The differences between a biological cleaning and a “regular one” are:
The condition of the whole mouth tells a story. It is but a reflection of what is going on in the body. For example, when simply looking at the teeth and their position from x-rays, one can reasonably predict if there is a “bite problem”, whether or not orthodontics has been performed, if sleep apnea might be an overlay condition that someone has, etc.
When seeing various multiple missing teeth that have drifted, you know it is of long duration and that there are significant other compromises awaiting within.
This type of analysis, when coupled with the examination, yields a wealth of data – not only about what is within your visual field – but also the likely impact to the rest of the body is dealing with. For example, heart disease issues with removed wisdom teeth or gum disease is present, or, if root canal teeth are present in the front teeth, it is not uncommon that there might be evidence of blood in the urine.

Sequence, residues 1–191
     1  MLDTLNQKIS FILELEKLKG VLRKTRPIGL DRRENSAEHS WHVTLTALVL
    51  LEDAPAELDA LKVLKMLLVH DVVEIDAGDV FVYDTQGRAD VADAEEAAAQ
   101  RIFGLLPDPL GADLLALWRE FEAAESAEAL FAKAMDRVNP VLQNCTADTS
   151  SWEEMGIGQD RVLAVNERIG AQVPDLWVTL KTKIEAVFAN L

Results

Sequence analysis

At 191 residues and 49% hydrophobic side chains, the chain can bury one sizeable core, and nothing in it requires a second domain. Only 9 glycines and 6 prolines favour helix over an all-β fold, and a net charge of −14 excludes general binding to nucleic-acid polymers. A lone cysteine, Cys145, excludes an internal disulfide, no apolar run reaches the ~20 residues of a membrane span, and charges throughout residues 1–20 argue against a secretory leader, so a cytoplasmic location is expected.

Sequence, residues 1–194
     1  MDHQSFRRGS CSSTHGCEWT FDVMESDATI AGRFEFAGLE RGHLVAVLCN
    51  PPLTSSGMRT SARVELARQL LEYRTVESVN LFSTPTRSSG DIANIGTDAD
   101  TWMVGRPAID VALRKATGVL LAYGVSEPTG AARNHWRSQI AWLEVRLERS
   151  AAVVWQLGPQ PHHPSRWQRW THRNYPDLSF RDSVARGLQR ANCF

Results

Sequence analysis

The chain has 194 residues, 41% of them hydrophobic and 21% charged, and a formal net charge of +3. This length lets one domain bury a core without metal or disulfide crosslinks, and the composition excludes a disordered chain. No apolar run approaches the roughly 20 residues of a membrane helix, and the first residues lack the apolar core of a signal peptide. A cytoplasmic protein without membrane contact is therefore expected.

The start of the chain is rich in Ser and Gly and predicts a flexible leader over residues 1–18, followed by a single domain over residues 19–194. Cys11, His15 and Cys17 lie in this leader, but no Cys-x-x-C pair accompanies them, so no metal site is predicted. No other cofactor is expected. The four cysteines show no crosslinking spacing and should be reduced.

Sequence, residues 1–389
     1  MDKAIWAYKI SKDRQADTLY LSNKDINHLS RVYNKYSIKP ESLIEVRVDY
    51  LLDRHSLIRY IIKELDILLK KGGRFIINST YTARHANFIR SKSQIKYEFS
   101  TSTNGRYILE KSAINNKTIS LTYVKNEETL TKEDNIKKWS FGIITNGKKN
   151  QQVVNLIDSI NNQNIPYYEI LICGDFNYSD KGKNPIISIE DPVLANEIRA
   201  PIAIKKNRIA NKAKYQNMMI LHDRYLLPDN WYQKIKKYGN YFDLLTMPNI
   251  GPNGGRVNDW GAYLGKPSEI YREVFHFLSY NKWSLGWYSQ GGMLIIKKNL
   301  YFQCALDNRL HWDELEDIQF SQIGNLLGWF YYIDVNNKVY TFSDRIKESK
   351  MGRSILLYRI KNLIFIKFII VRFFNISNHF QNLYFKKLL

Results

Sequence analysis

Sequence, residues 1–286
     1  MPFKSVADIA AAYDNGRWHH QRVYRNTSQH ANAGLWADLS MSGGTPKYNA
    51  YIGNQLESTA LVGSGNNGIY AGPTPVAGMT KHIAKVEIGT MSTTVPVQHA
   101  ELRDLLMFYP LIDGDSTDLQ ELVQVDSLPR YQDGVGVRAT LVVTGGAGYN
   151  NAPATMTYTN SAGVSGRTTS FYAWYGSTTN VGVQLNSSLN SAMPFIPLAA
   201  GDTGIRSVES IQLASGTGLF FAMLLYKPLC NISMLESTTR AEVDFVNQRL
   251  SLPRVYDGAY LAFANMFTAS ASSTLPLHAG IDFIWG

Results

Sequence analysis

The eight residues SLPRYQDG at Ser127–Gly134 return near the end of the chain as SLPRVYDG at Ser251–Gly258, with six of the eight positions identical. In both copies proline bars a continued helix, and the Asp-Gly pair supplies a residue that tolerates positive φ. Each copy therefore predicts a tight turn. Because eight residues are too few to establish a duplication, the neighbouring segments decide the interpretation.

Regular scheduled cleanings are important for several reasons. The most important is to have a visual assessment of your ever changing oral condition. The changes might be small and not noticeable or there can be some great changes. These only surface in awareness by examination. Pain is an indicator of an oral problem but it is an overall poor one. Most issues we encounter occur without pain of any type being involved.
Another reason is that if there is excessive build up of tartar it can be more easily managed for you with a greater frequency of visit. It is very common that once people have periodontal disease, quarterly visits are the norm and more in line with the actual disease process.
Dental cleanings are typically covered by your insurance program. HOWEVER, there is a wide gap and diversity of what that coverage is. Your employer purchases a particular plan based on his/her generosity and what the plan has to offer. They are ALL different. It is a difficult game to play because there is no one set level of reimbursement.